I Will Make You Proud, Dwight
9 January 2014
Driving to school shortly before Christmas in 2009, my phone rang. (Back then, it was not against the law to answer and chat.)
The Caller ID showed “Dwight-y Hooker.”
Since I have to be at school at 7:00 am, it was early for him to call.
“Have you heard that woman who sang ‘I Dreamed a Dream’ on Britain’s Got Talent?” Dwight asked.
“Well,” he continued, “she’s not terribly attractive, but she can sing. You must get the album.”
“Who is she?”
That evening, I downloaded the album and put the song, “I Will Make You Proud” on repeat.
All of my life I have watched you
Climbing mountains, chasing dreams
All of my life you gave me everything
But you don’t have to give the world to me.
From hiking to Stewart Falls to becoming an architect, I watched Dwight chase his dreams. He gave me everything from an Art Deco Butterfly broach to a wedding ring.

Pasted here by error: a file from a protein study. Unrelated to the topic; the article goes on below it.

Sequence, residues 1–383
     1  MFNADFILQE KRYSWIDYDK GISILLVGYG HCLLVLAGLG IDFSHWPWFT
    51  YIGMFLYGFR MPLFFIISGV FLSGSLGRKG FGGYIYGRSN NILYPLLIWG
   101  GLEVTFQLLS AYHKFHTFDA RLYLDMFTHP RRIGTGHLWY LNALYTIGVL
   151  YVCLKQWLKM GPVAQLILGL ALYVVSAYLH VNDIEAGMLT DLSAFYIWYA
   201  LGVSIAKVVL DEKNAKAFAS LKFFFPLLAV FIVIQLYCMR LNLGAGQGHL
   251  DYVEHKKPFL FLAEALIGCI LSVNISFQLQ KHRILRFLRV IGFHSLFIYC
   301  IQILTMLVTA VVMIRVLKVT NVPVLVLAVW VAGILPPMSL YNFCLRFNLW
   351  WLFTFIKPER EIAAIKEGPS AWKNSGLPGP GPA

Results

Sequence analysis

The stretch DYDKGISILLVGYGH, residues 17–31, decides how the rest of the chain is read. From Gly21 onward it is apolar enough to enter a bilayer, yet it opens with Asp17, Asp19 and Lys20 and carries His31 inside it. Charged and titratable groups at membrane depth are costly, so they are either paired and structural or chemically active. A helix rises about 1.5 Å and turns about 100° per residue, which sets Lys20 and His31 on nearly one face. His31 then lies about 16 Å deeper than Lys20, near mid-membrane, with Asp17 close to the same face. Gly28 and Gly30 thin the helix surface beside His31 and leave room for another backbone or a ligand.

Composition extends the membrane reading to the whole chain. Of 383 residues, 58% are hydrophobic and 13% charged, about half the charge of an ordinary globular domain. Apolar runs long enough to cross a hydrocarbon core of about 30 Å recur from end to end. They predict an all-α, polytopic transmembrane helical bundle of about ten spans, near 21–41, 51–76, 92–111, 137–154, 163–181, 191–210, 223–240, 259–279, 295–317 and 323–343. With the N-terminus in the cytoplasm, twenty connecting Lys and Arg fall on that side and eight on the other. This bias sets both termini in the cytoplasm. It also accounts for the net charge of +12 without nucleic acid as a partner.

Just say you love me as I am
Say you want me as I am,
Say I’m someone in your eyes,
That’s all I want it to be
Oh, jut let me go, I know one day if I’m allowed,
If I’m allowed, one day I’ll make you proud.
I was surprised that Dwight loved me. I was surprised that Dwight wanted me. I was just a girl from Utah. But, in his eyes, I became someone.
All of your life you’ve taken chances
You’ve broke the rules time after time
All of your life you’ve gone your own way
So give me this chance, and I’ll go mine.
Dwight took chances. He called it, “stepping off into the abyss.” All of his life, he took chances. He chose to become a photographer and then, BOOM! Dwight decided to do something “real” and become an architect in Utah.
On his way, he brought me along. Now, I have to go my own way.
Someday I’ll make you proud.
Dwight, I will make you proud.
At Dwight’s memorial in Detroit, his daughter, Cindy, also a teacher, reminded me that Dwight loved to hear the students scream “Mrs. Hooker” from the bus.
Just before Dwight fell, my girlfriends and I went to Fall into Fashion on Main Street in Park City on Friday night. Walking up toward OC Tanner, a twenty-something young man called, “Mrs. Hooker.”
He asked, “Do you remember me?”
“Of course,” I replied.
It was Jonathan from my fourth grade class.
“You are my favorite teacher. You brought me out of my shell. You laughed at my jokes.”
He had three friends with him.
They chimed in, “Seriously. He talks about you.”
My girlfriends, my teacher friends, beamed.
I called Dwight as soon as I got home.
I hope I make him proud.